Don’t miss Jupiter and Venus

(NASA)

(NASA)

At age 46, Galileo was no young kid in 1610. But events that year forever changed his life – and our take on the universe. They involved the colossal planet Jupiter, which right now is at its closest and brightest of the next four years.

This story actually started two years earlier, when a Dutch eyeglass-maker created the first telescope. When Galileo heard about it, he was one of the few who could duplicate the instrument sight unseen. Galileo soon demonstrated his instrument to a Venice merchants’ group, who flipped over its possibilities at spotting returning ships ahead of everyone else. Everyone wanted one. Then Galileo turned his telescope to the sky.

Bam! The Moon – regarded since ancient Greek times as a smooth body with oceans – was now visibly pockmarked with mountains and craters. The Sun had spots – and rotated once a month! The Milky Way’s creamy glow burst into untold separate stars. Wonder upon wonder.

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He wrote, “I have observed the nature and material of the Milky Way. With the aid of the telescope this has been scrutinized so directly and with such ocular certainty that all the disputes that have vexed philosophers through so many ages have been resolved, and we are at last freed from wordy debates about it. The Galaxy is, in fact, nothing but a congeries of innumerable stars grouped together in clusters.”

Other observers soon proved Galileo correct (except for that naive idea that the world would now be free of wordy debates). But it was Jupiter, shining brilliantly in Taurus the Bull, that proved the most amazing and controversial. On January 7, 1610, Galileo saw three stars lined up alongside the dazzling planet. By the 13th he had watched them change position each night, spotted a fourth as well and realized that they were orbiting around that world.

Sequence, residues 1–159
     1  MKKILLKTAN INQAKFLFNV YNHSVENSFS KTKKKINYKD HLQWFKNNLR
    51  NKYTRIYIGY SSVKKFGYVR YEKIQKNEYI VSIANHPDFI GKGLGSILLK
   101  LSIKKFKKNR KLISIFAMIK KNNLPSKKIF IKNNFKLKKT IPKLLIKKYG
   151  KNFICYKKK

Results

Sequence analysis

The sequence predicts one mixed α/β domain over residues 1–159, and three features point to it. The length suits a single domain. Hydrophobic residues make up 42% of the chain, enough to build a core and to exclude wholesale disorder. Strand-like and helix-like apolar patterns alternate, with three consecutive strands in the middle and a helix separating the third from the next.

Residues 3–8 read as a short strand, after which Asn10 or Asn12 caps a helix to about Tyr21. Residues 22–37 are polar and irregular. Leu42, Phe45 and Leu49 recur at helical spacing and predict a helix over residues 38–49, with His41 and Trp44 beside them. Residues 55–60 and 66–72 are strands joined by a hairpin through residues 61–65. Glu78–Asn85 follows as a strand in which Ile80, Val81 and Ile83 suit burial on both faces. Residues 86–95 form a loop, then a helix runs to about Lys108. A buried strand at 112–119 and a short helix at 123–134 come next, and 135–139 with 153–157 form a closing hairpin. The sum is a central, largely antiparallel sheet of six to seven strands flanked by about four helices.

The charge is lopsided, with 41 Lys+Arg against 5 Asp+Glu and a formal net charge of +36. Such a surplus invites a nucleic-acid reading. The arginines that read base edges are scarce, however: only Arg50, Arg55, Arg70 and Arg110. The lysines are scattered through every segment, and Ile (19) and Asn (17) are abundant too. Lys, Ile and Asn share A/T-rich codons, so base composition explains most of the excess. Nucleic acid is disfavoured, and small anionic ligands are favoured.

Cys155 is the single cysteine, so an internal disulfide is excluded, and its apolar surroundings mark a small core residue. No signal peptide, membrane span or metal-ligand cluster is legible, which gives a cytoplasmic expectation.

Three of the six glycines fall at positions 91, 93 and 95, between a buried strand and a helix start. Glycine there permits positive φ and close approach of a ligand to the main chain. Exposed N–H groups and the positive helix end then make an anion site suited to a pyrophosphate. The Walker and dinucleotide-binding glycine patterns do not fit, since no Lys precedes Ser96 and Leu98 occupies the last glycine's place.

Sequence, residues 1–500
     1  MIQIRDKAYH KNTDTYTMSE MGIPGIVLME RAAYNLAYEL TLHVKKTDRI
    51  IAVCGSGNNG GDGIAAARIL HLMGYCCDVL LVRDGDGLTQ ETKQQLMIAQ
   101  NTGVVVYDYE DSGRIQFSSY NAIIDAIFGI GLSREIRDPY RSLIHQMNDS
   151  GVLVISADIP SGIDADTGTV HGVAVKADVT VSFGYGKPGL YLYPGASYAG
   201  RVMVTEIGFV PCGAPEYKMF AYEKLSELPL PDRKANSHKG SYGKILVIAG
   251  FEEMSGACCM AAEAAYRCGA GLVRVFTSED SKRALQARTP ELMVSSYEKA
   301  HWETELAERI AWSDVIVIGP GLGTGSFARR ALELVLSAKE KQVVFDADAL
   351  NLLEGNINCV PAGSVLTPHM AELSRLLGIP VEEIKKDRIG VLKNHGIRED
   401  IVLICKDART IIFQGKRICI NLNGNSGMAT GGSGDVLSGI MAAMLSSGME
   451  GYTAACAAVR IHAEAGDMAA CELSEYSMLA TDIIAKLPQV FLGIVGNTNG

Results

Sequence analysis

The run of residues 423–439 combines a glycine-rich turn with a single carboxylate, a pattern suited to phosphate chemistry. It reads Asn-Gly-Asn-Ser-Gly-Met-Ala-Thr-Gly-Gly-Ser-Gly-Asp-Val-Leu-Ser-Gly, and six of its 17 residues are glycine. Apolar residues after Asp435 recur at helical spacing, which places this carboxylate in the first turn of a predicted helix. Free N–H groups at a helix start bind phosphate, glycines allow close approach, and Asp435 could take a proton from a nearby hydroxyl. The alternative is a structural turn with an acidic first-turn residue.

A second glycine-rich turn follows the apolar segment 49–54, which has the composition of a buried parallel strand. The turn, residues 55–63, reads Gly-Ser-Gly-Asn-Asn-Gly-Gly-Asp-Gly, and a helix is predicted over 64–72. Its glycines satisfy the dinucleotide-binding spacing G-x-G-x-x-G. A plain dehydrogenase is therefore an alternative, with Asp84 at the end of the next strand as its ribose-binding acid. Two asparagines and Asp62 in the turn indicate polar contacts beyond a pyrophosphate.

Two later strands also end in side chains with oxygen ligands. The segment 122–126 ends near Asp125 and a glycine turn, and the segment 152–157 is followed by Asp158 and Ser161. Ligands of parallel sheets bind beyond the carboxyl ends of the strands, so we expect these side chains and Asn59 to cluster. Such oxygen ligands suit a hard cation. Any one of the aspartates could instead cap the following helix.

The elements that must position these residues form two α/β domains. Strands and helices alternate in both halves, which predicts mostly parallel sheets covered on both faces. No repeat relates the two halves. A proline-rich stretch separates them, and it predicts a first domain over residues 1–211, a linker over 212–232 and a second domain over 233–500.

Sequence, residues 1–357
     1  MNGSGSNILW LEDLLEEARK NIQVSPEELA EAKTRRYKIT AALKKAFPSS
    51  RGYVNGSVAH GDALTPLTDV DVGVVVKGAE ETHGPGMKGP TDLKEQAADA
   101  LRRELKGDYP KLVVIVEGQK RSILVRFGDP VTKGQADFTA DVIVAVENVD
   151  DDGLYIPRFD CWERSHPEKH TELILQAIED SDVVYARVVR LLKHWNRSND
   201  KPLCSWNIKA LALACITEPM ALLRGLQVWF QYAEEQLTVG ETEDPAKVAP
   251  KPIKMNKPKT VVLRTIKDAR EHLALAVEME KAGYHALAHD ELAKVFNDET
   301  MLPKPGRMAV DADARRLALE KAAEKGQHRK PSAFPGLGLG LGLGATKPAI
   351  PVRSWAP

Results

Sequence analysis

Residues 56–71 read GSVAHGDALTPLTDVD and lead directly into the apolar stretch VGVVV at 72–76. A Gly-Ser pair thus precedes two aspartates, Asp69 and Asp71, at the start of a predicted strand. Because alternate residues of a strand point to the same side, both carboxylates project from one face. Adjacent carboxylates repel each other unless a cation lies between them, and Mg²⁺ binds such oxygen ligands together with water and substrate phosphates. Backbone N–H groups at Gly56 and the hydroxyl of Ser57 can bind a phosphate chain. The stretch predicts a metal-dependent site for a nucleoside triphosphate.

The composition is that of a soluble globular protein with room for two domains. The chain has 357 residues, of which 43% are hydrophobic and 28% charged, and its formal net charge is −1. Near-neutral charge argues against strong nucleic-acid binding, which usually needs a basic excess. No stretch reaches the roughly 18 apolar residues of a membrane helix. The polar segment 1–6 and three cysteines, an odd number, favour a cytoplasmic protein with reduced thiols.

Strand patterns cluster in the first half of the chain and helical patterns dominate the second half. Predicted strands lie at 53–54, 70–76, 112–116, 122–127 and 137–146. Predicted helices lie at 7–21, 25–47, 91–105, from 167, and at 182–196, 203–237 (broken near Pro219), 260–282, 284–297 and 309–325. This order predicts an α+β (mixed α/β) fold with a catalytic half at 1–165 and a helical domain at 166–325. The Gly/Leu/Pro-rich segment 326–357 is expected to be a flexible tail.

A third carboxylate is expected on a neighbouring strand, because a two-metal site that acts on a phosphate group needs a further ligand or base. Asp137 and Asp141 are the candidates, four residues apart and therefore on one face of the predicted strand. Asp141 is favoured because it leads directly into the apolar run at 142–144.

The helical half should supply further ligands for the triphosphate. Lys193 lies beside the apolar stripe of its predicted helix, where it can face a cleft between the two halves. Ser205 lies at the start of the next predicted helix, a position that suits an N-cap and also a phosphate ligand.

This, 405 years ago, was no small thing. At the time, Church doctrine followed the writings of Aristotle and Ptolemy and insisted that Earth is the center of all motion. For some bizarre reason, they’d made it into a religious principle. So Galileo saw no benefits after he published his startling discoveries. Instead they brought him up on charges, forced him to recant at penalty of being burned at the stake and left him to die penniless.

But fast-forward to our modern times, and Jupiter is now orbited by a marvelous spacecraft that bears the name Galileo. Those four giant moons are now called “the Galilean satellites.” So it all worked out for the bearded, cantankerous Italian – or at least for his disembodied spirit.

With any cheap telescope, you can duplicate Galileo’s discoveries. There isn’t a better month to watch Jupiter than now. You’ll see those four moons and horizontal black-and-yellow belts and zones on the planet itself, like the stripes on a bee. Jupiter is out all night long, in the constellation Leo. But you don’t need to know that; just find the brightest star in the sky anytime after 8 p.m.

Preview: Between 6 and 7 p.m., that’s Venus shining so brightly in the west above the sunset point. Next Friday (the 20th), be sure to watch the dramatic three-way conjunction of the crescent Moon, Venus and dim orange Mars. Don’t miss it.

 

 

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